Inthought-Nine-Birmingham Retrospective

An exhibition of a series of photographs by Tim Cornbill will be held as part of this year’s LA:B Love Architecture Birmingham Festival. The festival runs from the 21st – 30th June and is organised by the Birmingham Architectural Association in collaboration with the RIBA (Royal Institute of British Architects). The photographs will be exhibited in the Great Western Arcade with a supplemental display in the Atrium of The Cube.

The project compares the historical architecture of Birmingham with its modern day locations. It offers an insight into how the urban fabric of Birmingham changed during the twentieth century, documenting the city’s lost architectural gems, which were demolished and replaced in the name of progress.

Platform 7, Birmingham New Street, 1885
Tim Cornbill, 2013
Historical Photograph: Unknown – Credit to original photographer
The Station was built in 1854 to replace Curzon Street Station. The platform shown was an extension to the original station in 1885, and the photograph displays the first of two trussed arched roofs, smaller in scale to that of the main station, that spanned from platform 1 to 5.

Inspiration:

Following a trip to Paris photographing film locations in a similar fashion, Tim realised he could use archive photographs in his home city to discover its historical architecture. Many people have described these series of photos as an architectural ‘Dear Photograph’, referring to a project that uses personal historical photographs in the same style.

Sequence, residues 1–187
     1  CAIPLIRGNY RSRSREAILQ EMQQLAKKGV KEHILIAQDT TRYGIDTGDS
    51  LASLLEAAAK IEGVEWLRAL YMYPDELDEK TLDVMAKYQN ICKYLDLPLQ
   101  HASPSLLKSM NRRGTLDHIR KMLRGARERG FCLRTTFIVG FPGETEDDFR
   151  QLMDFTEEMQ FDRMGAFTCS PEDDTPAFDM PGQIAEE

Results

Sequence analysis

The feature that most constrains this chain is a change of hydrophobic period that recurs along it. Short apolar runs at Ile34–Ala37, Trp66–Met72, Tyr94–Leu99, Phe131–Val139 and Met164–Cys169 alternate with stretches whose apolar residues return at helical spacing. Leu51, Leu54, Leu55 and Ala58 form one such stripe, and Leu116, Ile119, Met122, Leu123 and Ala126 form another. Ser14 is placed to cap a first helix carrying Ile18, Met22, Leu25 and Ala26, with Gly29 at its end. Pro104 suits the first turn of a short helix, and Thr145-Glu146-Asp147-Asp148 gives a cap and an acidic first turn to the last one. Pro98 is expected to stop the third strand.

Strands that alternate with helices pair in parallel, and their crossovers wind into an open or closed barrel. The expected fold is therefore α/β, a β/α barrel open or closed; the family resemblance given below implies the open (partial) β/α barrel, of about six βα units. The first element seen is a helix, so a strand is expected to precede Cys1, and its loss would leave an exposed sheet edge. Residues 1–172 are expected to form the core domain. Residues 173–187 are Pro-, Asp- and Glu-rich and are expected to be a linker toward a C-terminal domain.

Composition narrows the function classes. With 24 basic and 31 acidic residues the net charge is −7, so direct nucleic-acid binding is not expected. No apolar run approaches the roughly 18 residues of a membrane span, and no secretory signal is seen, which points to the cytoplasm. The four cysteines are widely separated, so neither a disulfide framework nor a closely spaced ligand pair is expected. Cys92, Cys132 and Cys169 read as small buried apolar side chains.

Img 2 Incep

Inception, Paris
Tim Cotnbill, 2012

 The Venue:

The Great Western Arcade was chosen as the prefect venue in which to showcase the  Birmingham Retrospective series. It represents one of the last surviving arcades of the 1900s and is a great example of how a stunning piece of classical architecture can be maintained to stand the test of time.

North Western Arcade, Birmingham, 1896 Tim Cornbill, 2013 Historical Photo: Unknown - Credit to original photographer (Book scan) The arcade used to run to the south of the Great Western Arcade, and was built in a similar classical style of its successor. Tim Cornbill, 2013 Historical Photo: Unknown - Credit to original photographer (Book scan) The arcade used to run to the south of the Great Western Arcade, and was built in a similar classical style of its successor.

North Western Arcade, Birmingham, 1896
Tim Cornbill, 2013
Historical Photo: Unknown – Credit to original photographer (Book scan)
The arcade used to run to the south of the Great Western Arcade, and was built in a similar classical style of its successor.

The Evolution of Architecture:

It must be noted that although many of the historical buildings in these photographs were beautiful externally, the sad fact is that many were doomed due to bomb damage, poor maintenance and were also victims of the changing economic needs of a city that was, and still is, constantly growing and regenerating. After all, the motto of Birmingham is of course, “Forward”. To this end, this series of photographs serve as a document of a proud architectural heritage. Even the retrospective photographs taken today will eventually prove to be an insight into an urban realm which will once again have changed. It would be interesting to visit the same locations again in 50 years’ time to observe how they have altered.

Mason College, Edmund Street, 1960 Tim Cornbill, 2013 Historical Photograph: Phyllis Nicklin Mason Science College was built in 1880. The college was founded by Josiah Mason in 1875 and incorporated into the University of Birmingham in 1990. The building was demolished to make way for the Paradise Circus development.